Source

I got this problem from Rustan Leino, who was told it by Ernie Cohen. A generalization of this problem is at the following link.

I solved it and wrote up my solution.

Problem

100 persons are standing in line, each facing the same way. Each person is wearing a hat, either red or blue, but the hat color is not known to the person wearing the hat. In fact, a person knows the hat color only of those persons standing ahead of him in line.

Starting from the back of the line (that is, with the person who can see the
hat colors of all of other 99 persons), in order, and ending with the person
at the head of the line (that is, with the person who can see the hat color of
no one), each person exclaims either "red" or "blue". These exclamations can
be heard by all. Once everyone has spoken, a *score* is calculated,
equal to the number of persons whose exclamation accurately describes their
own hat color.

What strategy should the 100 persons use in order to get as high a score as possible, regardless of how the hat colors are assigned? (That is, what strategy achieves the best worst-case score?)

For example, if everyone exclaims "red", the worst-case score is 0. If the first 99 persons exclaim the color of the hat of the person at the head of the line and the person at the head of the line then exclaims the color he has heard, the worst-case score is 1. If every other person exclaims the hat color of the person immediate in front and that person then repeats the color he has just heard, then the worst-case score is 50. Can you do better?

Solution
Reveal

First, we'll present a strategy. Then, we'll prove that its worst-case score is 99 and that this is optimal.

Each person keeps a running count of how many "red" exclamations she's heard. When it's her turn, she adds this running count to the number of red hats she sees in front of her. If this sum is odd, she exclaims "red"; otherwise, she exclaims "blue".

We'll call the first person the *announcer* because
her role is to announce useful information.
We'll call the remaining 99 persons the *winners* because
each of them will correctly exclaim her hat color.

For any predicate $\mathsf{Pred}$, we define $I(\mathsf{Pred})$ to be the indicator variable for $\mathsf{Pred}$, i.e., 1 if $\mathsf{Pred}$ is true and 0 if $\mathsf{Pred}$ is false. The announcer will announce $I(\mbox{The number of winners' red hats is odd})$. We'll call this value the parity.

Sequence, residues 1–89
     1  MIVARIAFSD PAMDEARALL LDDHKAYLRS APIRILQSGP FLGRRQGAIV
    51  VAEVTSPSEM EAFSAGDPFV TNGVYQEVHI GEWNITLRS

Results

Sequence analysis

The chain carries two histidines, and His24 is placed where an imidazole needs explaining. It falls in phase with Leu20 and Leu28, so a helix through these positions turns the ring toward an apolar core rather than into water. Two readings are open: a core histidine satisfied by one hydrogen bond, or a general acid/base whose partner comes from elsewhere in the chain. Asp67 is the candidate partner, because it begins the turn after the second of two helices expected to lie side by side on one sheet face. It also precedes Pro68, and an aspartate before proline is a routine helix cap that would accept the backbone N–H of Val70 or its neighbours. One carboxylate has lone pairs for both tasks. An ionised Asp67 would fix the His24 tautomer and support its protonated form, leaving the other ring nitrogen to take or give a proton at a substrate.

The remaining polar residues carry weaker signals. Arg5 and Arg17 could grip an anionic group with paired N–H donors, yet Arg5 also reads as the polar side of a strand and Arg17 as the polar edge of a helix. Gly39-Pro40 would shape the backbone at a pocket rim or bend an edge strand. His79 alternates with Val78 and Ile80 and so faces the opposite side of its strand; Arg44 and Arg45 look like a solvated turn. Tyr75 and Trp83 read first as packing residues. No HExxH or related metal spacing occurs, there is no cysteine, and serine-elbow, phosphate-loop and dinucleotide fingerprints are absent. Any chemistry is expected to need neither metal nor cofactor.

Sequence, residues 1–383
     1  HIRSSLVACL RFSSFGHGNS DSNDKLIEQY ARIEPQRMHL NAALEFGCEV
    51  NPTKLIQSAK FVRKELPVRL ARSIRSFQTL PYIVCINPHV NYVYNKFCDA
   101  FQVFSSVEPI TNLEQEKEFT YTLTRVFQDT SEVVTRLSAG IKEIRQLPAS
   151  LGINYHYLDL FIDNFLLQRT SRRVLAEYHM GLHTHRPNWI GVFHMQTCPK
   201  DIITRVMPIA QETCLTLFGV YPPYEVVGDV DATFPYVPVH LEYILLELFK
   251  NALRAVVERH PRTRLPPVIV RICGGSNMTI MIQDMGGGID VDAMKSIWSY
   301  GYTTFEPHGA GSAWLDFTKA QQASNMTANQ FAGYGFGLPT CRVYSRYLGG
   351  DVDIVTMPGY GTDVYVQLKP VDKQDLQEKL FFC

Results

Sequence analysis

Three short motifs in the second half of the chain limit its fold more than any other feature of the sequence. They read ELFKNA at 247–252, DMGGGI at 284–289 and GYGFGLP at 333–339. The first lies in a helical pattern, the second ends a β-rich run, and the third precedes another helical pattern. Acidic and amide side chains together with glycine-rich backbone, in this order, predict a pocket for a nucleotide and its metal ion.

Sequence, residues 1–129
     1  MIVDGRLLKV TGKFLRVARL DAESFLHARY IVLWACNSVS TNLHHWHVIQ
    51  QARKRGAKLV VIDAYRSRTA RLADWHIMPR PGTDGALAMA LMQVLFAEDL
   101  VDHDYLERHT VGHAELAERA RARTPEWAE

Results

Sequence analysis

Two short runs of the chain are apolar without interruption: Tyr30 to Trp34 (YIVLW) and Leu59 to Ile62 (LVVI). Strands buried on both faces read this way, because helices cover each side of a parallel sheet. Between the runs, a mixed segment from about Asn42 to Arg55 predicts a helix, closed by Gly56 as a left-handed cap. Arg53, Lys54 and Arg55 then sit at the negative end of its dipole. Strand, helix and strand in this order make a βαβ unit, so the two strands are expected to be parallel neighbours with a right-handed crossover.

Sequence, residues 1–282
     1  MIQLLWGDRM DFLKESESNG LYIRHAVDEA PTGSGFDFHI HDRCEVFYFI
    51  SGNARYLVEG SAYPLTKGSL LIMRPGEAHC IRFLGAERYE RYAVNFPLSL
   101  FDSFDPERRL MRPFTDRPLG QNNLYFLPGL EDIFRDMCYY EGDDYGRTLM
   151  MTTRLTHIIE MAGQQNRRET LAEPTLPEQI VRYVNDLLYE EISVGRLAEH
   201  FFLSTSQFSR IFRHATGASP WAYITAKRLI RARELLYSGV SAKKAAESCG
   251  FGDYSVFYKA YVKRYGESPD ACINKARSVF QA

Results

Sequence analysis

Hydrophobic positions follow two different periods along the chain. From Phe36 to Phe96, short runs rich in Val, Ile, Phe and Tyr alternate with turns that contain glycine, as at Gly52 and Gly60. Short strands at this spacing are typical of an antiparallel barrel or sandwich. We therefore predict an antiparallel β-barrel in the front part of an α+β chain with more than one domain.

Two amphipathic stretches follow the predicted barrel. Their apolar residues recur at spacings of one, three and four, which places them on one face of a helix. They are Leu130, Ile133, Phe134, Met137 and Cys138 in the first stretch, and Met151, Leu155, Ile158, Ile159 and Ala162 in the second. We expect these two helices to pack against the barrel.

We now prove by induction that each winner correctly guesses her hat color.

We start with the base case, the first winner to exclaim. Her running count is just the parity, based on the announcer's exclamation. To this she adds the number of red hats in front of her; since all other winners are in front of her, this is the number of other winners' red hats. So, the sum she computes $s$ is equal to the number of winners' red hats besides her own, plus the parity. In other words, $s$ is the number of winners' red hats, minus $I(\mbox{Her hat is red})$, plus the parity. The parity is congruent to the number of winner's red hats modulo 2, so adding these two values together gives 0 modulo 2. Thus, $s \equiv I(\mbox{Her hat is red}) \pmod 2$. In other words, her sum is odd if and only if her hat is red. Thus, she will correctly exclaim her hat color.

For the inductive step, we assume that all winners so far have correctly guessed and it's time for the next winner to guess. In this case, her running count will be the parity, from the announcer's exclamation, plus the count of the number of winners behind her with red hats. So, the sum she computes $s$ is equal to the number of winners' red hats besides her own, plus the parity. By the same reasoning as in the base case, we find that $s \equiv I(\mbox{Her hat is red}) \pmod 2$, and so her guess is correct.

By induction, the supposition is true for all winners, so the score is at least the number of winners, 99. This is the best worst-case score that can be hoped for, because no person knows anything about the first person's hat. Thus, the strategy is optimal. $\Box$